Overall, I’m happy with Azure SQL Database for applications that don’t need multiple databases. There was definitely a learning curve, the documentation (and especially the training materials and courseware) significantly trails the production reality, and I don’t think performance is as consistent as when you are running in an on-prem environment, nor are the configuration options as flexible.

    I love not having to deal with patching, but I don’t love having little or no control over when patching gets done (often during business hours). I don’t love not having access to the logs and having to file support tickets to research issues. I love being able to temporarily fix a performance problem by scaling up without worrying about whether we have enough CPU or RAM in a VMware host, which can turn an all-nighter on-call emergency into an “I’ll look at that in the morning” situation. The good news is you’re always running the latest bits; the bad news is you’re always running the latest bits :-), making you a beta tester for the boxed product.

    Overall the trade-off is reasonable. And now with Managed Instance (which I have not worked with yet), there is a middle ground between the simplicity of Azure SQL Database and the control available when running a SQL instance in an Azure VM.

    However, this blog post sounds like a Microsoft commercial, which is highly unusual for Brent.

    Reply
    • Radu Gheorghiu
      June 11, 2019 11:34 am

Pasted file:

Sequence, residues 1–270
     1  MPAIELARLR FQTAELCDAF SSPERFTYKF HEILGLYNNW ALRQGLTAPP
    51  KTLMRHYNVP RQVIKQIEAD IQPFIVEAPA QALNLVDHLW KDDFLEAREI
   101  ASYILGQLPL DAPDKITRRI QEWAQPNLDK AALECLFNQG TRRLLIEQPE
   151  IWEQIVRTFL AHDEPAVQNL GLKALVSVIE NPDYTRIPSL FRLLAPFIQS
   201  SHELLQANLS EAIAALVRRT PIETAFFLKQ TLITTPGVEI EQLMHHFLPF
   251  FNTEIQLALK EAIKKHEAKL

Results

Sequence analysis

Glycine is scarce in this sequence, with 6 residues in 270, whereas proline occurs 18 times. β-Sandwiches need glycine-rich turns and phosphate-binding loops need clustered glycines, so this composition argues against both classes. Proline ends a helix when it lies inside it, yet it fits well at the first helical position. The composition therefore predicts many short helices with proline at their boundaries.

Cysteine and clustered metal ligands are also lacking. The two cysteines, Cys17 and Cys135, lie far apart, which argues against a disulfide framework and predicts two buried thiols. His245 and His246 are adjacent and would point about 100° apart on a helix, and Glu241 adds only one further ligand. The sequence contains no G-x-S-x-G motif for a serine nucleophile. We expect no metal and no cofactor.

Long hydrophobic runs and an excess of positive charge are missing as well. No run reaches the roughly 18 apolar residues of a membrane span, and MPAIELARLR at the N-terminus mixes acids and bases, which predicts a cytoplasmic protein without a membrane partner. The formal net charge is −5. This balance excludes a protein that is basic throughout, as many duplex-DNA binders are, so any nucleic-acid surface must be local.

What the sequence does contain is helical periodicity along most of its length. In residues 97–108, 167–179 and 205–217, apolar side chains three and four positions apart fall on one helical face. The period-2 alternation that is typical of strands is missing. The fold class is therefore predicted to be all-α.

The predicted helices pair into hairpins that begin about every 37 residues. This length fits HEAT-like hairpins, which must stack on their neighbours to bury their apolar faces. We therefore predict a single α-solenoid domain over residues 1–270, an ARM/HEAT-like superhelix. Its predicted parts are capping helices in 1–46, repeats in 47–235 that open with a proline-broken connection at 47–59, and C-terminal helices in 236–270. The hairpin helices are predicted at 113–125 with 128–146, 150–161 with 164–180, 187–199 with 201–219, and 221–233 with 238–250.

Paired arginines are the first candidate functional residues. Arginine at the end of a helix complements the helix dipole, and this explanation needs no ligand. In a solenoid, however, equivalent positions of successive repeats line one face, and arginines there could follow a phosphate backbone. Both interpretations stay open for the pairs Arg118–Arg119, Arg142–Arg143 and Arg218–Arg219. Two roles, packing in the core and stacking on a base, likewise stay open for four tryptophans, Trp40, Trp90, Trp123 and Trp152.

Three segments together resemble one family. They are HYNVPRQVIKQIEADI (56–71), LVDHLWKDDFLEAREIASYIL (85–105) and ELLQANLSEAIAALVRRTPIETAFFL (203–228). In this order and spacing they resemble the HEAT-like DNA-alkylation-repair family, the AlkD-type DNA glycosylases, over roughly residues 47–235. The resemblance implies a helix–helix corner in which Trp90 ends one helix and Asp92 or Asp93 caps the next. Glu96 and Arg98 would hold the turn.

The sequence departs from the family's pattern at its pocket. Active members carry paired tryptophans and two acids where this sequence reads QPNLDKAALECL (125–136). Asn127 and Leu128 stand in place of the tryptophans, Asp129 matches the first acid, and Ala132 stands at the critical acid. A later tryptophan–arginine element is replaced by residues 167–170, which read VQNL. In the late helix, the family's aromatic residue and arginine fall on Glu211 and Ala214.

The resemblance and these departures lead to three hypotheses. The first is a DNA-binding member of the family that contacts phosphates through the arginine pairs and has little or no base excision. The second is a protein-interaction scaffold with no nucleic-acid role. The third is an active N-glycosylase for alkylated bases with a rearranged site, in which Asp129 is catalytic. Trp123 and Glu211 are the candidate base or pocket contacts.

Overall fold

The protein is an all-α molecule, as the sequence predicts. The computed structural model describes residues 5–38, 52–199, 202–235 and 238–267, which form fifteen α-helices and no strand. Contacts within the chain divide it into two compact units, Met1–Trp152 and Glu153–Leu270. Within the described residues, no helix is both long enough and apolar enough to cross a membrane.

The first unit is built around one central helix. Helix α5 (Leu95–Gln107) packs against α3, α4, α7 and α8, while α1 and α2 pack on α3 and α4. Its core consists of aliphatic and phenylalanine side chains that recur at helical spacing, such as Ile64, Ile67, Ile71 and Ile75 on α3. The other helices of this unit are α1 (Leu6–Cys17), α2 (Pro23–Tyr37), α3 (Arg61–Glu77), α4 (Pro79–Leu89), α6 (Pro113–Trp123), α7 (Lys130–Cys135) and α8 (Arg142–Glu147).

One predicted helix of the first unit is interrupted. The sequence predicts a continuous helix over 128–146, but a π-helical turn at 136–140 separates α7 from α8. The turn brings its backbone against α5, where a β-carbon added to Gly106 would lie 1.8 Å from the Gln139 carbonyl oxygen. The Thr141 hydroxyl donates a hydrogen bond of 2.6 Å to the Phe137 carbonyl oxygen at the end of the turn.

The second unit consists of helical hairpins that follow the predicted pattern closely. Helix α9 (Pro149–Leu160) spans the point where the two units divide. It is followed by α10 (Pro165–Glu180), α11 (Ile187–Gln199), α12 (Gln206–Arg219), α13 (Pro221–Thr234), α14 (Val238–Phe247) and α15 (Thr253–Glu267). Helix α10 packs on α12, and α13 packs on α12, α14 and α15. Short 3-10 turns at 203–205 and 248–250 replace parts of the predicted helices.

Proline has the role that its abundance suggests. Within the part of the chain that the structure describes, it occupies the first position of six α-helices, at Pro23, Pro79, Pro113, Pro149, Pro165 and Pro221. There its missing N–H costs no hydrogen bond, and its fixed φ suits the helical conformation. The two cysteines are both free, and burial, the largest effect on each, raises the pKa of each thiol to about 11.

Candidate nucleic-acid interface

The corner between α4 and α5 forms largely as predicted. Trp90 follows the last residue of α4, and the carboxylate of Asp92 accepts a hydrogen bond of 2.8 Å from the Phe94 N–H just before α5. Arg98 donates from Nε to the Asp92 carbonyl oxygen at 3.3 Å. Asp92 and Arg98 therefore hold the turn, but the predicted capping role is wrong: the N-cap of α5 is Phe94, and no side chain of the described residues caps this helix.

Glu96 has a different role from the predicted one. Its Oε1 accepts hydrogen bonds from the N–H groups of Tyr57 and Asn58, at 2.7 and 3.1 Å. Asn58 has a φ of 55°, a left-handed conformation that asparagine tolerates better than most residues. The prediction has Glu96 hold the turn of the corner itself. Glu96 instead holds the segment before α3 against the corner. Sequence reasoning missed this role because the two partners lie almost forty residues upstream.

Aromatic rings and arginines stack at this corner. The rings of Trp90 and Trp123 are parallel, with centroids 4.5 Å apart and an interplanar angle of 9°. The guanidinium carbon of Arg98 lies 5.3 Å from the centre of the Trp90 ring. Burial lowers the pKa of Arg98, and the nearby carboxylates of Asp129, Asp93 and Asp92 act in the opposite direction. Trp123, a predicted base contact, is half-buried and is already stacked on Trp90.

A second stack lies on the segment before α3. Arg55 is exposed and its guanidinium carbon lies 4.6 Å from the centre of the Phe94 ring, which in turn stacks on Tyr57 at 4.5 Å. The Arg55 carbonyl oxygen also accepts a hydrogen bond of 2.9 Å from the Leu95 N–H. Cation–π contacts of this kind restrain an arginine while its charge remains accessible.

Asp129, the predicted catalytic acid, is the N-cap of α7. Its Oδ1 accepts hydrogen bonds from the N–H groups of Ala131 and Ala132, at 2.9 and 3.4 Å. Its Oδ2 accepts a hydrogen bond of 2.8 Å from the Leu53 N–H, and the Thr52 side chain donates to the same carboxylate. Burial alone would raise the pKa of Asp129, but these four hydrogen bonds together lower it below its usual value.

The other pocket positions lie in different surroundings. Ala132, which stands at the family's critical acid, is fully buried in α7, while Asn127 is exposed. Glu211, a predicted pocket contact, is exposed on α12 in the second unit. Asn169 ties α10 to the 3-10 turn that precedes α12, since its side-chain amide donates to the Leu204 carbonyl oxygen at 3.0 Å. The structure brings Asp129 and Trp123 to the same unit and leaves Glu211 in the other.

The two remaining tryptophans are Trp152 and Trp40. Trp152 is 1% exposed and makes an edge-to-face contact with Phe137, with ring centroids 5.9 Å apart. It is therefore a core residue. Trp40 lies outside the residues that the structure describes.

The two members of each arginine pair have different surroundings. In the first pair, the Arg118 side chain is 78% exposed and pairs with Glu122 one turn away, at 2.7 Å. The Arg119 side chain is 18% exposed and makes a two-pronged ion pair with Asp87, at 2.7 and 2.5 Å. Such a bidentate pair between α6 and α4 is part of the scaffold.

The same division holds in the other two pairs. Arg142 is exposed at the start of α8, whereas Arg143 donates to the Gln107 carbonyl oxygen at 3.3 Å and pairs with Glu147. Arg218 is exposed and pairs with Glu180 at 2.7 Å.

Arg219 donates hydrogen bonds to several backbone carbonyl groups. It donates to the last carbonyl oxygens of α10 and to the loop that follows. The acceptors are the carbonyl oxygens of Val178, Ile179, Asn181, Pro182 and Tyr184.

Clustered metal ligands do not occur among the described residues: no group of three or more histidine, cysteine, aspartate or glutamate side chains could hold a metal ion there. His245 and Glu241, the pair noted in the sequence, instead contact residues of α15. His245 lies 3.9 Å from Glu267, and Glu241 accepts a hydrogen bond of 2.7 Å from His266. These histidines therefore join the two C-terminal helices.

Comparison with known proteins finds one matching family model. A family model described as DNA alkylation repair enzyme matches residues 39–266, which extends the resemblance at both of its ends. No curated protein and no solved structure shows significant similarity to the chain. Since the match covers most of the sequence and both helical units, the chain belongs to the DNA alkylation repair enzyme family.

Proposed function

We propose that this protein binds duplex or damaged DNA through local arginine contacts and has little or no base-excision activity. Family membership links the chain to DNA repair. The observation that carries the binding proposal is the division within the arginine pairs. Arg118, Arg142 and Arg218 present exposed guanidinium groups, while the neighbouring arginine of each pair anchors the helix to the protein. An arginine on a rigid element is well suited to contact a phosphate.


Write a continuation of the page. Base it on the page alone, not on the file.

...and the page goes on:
Brent’s business revolves around Microsoft technologies. I see nothing wrong in rooting for the tool he uses and he offers services for. Also, it’s not like people coming here will expect Brent to talk about Oracle.
      — This post isn’t sponsored by Oracle

      Reply
    • I did think the same thing!

      Your insights are interesting; pretty much what I thought.

      I’ve also really struggled to find cloud training specifically targeted at DBAs (rather than, say, DevOps engineers or developers).

      Reply
      • Mark Freeman
        June 12, 2019 5:54 am

        Lizzie, I agree! When I first started working with Azure almost two years ago I took the Microsoft Official Curriculum Course 50592: Advanced SQL Azure (3 days in a classroom). The materials and labs were very far behind. There had been at least one major overhaul of the Azure Portal since the course was last updated (and Azure SQL Database may have gone from v11 to v12 in there as well) which made everything very difficult.

        Because of my employer’s “Premier” relationship with Microsoft, I get free access to a lot of web-based “classroom” training (WorkshopPlus) and I don’t think there has ever been an offering that was focused on Azure SQL Database.

        Reply
        • It’s tough as an instructor, too – I can’t afford to build training on Azure SQL DB. It takes, say, 10-20 hours of work to build 1 solid hour of training, so I need to be able to re-present the same material at several classes in a row for it to make financial sense.

          The bad news is that the product changes so fast that material is often out of date before it pays off. The good news is that the product keeps getting better, hahaha.

          It’ll be a good thing in the long term – but it makes learning challenging for folks right now. Your best bet will be Microsoft training material just since they can afford to lose money on building that. 😉

          Reply
          • Mark Freeman
            June 12, 2019 6:06 am

            Brent, it is a quickly moving target to try to hit with course materials. The instructor teaching the course I took put in a huge amount of time (days) to update what he could before the class started and still had to do a LOT of tap dancing. The labs were especially problematic.